BETHANY, W.Va. – Forcing change in West Virginia’s government will require taking risks, said Stephen Smith, candidate for governor, during a Bethany College event organized by the Junior Honors Seminar.

Smith’s West Virginia Can’t Wait campaign goes beyond his own Democratic bid for governor. He also urges people to take a risk and run for government office. So far, more than 60 people have signed on to the program.

More than 40 people, many of them students, attended at least part of the two-hour town hall-style event on Tuesday, Dec. 3.

In introducing Smith, Junior Honors Seminar student Tony Cirri said he and his classmates set out to “educate ourselves on the political realm” and to show others that “change comes by a coalition of people working together.”

Smith was born in Charleston, W.Va., before his family moved to Texas, where he graduated from high school. He graduated from Harvard with a degree in sociology. He served as the executive director for the West Virginia Healthy Kids and Families Coalition until he announced his run for governor.

He invited five volunteers to the front of the room and set out six empty chairs.

“West Virginia is at its wealthiest right now, but it doesn’t feel like it,” Smith said, noting there is more than enough to go around.

He then sought another volunteer, playing the role of an out-of-state wealthy landowner who proceeded to occupy two of the empty chairs. Yet another volunteer played the role of the government paid for by the landowner.

Smith’s illustration left two chairs for the four remaining volunteers who stood in for average West Virginians. The four remaining students – uncomfortably – shared the chairs.

“It’s the most West Virginian thing you can do,” said Smith, who earlier had noted that West Virginia was among the top states in spending time with neighbors and in charitable giving. “It’s a beautiful thing and it’s a tragic thing.”

He then asked why the students didn’t take one of the chairs held by the landowner or the government.

“I didn’t feel like I could,” one said.

Another said, “It’s against the rules.”

That is the mind-set that West Virginia Can’t Wait aims to change, Smith said.

He said it is important for citizens to go the West Virginia State Capitol and push the “good old boys” to change, but people also need to step forward to replace them. Smith said his grassroots campaign has broken records in West Virginia by out-raising his opponents through small donations.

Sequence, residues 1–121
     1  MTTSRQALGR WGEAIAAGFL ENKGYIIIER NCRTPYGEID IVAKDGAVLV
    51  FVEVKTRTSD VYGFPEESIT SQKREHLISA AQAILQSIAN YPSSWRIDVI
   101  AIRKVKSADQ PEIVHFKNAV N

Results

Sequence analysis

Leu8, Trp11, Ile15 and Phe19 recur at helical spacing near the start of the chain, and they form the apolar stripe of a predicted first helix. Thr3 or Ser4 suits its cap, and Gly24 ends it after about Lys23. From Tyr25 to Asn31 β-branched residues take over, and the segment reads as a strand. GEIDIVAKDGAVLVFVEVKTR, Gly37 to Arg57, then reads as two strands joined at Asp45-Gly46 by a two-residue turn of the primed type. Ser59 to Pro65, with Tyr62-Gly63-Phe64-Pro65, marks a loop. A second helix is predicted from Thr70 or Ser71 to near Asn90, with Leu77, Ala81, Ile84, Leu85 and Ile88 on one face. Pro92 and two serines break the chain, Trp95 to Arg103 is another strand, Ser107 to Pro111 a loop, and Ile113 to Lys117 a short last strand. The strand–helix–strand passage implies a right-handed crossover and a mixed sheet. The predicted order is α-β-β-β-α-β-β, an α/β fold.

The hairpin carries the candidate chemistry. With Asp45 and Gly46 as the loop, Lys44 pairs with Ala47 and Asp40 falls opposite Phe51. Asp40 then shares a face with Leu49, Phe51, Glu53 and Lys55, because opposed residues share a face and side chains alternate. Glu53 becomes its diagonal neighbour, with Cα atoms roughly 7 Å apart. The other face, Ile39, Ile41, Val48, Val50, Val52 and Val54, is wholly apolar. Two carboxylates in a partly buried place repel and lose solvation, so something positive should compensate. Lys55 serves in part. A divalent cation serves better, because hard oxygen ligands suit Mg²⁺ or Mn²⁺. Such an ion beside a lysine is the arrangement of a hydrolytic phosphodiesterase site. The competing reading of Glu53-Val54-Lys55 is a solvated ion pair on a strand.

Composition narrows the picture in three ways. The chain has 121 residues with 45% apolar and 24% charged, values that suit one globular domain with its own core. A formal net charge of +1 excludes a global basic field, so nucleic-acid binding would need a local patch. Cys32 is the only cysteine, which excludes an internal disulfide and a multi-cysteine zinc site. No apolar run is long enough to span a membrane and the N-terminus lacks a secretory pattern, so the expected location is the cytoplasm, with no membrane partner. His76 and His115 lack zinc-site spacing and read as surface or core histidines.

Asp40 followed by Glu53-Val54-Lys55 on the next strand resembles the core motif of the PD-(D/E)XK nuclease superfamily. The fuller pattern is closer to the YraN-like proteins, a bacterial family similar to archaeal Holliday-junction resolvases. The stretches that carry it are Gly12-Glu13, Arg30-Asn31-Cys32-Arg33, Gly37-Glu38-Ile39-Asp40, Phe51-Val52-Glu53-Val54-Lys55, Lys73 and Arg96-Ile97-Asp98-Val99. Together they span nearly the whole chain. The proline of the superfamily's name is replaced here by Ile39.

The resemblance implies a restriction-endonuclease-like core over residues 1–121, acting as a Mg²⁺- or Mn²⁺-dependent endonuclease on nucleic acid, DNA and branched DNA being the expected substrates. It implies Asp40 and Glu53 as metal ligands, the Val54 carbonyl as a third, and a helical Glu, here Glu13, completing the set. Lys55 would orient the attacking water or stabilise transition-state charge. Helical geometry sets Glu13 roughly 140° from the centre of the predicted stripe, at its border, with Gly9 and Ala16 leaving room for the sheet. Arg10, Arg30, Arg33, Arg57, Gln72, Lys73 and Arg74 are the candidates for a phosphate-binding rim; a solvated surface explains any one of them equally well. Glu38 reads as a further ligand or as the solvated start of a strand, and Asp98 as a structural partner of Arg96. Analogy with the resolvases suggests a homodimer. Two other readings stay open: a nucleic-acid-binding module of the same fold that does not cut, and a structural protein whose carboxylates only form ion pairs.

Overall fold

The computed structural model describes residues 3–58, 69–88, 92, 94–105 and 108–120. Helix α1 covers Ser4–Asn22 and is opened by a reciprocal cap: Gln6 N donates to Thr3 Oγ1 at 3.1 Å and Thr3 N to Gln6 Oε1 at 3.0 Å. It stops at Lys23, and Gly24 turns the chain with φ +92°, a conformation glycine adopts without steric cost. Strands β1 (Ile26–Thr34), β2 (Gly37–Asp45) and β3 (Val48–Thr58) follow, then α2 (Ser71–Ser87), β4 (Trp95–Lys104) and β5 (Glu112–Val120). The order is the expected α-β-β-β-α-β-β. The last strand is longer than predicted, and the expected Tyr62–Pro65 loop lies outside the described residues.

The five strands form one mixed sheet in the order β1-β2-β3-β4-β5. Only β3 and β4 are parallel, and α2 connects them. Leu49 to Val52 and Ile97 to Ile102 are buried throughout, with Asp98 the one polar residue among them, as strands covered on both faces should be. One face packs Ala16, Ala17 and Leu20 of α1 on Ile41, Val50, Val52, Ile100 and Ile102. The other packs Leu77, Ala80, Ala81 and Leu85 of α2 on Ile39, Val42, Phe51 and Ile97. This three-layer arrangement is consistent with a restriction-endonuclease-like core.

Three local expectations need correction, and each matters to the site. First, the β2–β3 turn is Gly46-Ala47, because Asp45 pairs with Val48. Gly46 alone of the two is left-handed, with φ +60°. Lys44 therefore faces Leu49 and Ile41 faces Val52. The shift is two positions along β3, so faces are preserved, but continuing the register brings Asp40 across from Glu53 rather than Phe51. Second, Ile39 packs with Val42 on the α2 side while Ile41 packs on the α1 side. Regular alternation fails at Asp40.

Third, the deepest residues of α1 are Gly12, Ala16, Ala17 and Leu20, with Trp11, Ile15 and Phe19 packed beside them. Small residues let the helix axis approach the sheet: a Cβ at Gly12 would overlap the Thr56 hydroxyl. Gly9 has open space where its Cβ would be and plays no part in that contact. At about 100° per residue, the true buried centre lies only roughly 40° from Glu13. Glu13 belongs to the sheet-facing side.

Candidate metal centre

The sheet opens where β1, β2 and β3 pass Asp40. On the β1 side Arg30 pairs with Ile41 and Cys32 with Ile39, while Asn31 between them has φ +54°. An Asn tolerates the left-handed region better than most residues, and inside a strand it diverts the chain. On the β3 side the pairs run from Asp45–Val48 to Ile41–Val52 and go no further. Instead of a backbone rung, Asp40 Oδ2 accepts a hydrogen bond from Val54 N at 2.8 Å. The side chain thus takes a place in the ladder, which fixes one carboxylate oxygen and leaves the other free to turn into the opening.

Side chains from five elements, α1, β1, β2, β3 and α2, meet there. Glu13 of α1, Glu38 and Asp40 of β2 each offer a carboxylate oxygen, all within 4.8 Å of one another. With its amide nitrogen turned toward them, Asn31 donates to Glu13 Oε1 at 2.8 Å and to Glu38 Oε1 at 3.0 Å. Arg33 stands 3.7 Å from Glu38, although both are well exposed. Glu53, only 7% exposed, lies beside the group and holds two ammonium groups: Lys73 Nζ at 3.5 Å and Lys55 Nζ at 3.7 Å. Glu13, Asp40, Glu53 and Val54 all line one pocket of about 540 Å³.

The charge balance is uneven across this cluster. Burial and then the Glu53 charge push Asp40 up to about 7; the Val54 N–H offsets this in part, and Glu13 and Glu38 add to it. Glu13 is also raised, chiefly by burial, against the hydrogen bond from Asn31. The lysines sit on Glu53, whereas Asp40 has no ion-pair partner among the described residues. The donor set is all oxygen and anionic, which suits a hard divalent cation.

“West Virginia is at its best when our backs are against the wall,” he said.

Smith then had attendees divide into pairs and share what political issues mattered most to them, using only their own personal stories rather than parroting political parties or media.

Addiction recovery programs, environmental concerns, poverty, and education were among the conversations that followed.

Smith sought volunteers who were willing be a “vote tripler,” meaning that they themselves would vote and then urge three others to vote. Dozens stepped forward.

Event organizer Celeste Marchbanks said she thought the event went well and she was pleased with the turnout.

“It was an entertaining and interactive way to get informed,” student organizer Elizabeth Lineberry said.
Student volunteers were also on hand to help people register to vote.

Dr. William Hicks, professor of biology and Junior Honors Seminar adviser, said the students felt more strongly about this service project than they have on past projects because of the impact it could have.

Students Madison Cramer and Ethan Young also helped organize Tuesday’s event.

“We didn’t want it to be a typical stump speech,” Hicks said. “We wanted it to be something that motivated students to get involved.”

And to Smith, that is vital to West Virginia.

“There’s so much talent in West Virginia, but the only way that we cause change is when the teenagers and twenty-somethings get involved,” he said.

As for the Junior Honors Seminar, Tuesday’s event was only the first planned event, Marchbanks said. The seminar students have invited West Virginia Gov. Jim Justice, a Republican, to campus, and are hoping for a response. They also would like to host a forum of all the gubernatorial candidates in the spring.

For photos from the Get Out the Vote event, click here.


Bethany College, founded in 1840, is the oldest private college in West Virginia. The Bethany experience focuses on academic excellence in the area of liberal arts and prepares students for a lifetime of work and a life of significance.